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Internet Way of Networking Strengthening the Internet

Canada’s Innovative Future Relies on Upholding Core Properties of the Capital ‘I’ Internet

As Canada considers how to renew its broadcasting and telecommunications regulatory regime, it should steer clear of recent recommendations that would impact key Internet properties that foster Canadian innovation online.

On Jan. 29 the Broadcasting and Telecommunications Legislative Review (BTLR) panel handed the Canadian government 97 recommendations to consider as it prepares new legislation to update the decades-old Telecommunications Act, Radiocommunication Act and Broadcasting Act.

While it has laudable advice on how to improve access to rural and remote Indigenous communities in Canada, the report’s major flaws would inhibit the same Canadian innovation the recommendations intend to promote.

This includes giving Canadian Radio-television and Telecommunications Commission (CRTC) the authority to treat the Internet like a broadcasting network, and setting unrealistic rules that would harm crucial elements of the Internet in the name of promoting Canadian content online.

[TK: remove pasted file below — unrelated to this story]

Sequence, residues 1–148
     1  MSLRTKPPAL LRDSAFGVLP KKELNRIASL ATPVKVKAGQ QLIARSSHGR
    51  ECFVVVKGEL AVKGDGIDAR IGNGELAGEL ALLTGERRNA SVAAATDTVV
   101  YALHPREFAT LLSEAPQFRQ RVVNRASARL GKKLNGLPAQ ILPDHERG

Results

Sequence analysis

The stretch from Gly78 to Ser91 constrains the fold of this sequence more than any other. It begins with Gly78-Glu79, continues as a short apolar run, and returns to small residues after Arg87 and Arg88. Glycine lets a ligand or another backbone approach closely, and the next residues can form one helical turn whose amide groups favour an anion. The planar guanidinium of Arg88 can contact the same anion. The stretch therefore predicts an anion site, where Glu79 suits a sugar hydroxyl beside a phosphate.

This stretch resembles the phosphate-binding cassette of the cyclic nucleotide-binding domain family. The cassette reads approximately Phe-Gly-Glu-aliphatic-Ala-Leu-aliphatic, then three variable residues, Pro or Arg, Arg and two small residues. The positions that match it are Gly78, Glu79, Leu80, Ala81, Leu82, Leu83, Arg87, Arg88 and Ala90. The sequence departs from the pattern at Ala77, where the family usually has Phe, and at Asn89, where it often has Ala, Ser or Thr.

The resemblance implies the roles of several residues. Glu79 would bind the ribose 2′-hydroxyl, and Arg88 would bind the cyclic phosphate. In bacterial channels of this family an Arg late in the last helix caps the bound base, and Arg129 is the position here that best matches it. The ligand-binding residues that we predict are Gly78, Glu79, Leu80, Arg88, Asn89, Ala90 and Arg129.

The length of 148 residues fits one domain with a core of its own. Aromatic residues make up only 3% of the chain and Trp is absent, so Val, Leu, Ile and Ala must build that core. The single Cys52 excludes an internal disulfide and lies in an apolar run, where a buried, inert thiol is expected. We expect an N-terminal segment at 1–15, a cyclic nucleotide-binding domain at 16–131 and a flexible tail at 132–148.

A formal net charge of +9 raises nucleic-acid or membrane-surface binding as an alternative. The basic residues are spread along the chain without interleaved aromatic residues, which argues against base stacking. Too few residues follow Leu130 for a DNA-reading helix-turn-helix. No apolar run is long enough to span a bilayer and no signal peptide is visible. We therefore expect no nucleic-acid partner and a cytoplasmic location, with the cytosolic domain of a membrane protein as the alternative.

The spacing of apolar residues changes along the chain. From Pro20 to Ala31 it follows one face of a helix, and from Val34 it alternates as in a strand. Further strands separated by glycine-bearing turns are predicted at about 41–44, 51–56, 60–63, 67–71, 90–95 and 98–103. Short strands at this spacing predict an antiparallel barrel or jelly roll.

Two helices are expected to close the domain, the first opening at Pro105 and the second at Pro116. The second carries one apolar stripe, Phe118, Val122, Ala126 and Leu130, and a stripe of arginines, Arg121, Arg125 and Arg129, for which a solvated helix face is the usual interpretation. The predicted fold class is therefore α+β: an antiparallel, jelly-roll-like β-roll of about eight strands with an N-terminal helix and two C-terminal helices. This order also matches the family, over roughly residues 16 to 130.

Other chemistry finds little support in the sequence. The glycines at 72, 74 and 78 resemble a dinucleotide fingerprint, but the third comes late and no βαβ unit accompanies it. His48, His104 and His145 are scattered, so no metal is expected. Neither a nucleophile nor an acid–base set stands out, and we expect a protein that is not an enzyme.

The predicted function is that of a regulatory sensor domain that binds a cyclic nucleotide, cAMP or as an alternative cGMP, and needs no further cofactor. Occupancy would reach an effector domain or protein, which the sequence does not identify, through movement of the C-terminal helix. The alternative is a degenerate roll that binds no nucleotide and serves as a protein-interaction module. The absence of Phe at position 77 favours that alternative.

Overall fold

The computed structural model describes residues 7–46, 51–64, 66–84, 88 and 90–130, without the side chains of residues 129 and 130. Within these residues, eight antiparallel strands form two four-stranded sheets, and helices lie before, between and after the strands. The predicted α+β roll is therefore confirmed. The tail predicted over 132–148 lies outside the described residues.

There are many reasons you can’t treat the Internet like a traditional broadcaster, but the key one is this: the Internet is not like other technologies.

While it is essentially just an interconnected network of networks – hence the name: Inter-net – the Internet was built with a unique set of properties that were critical to its success to date: openness, decentralization, and permissionless innovation.

We believe these are three of the properties essential to the Internet way of networking that has seen a military and research communications network rapidly evolve into a tool ubiquitous within our day to day lives.

If implemented, the BTLR recommendations would not only threaten core elements of what the Internet Society considers the capital “I” Internet. They would have significant implications for net neutrality, intermediary liability, privacy, and security online.

Read more about how Canada’s Broadcast and Telecommunications Review panel’s recommendations threaten the Internet way of networking, and how policymakers can take actions to protect innovation online.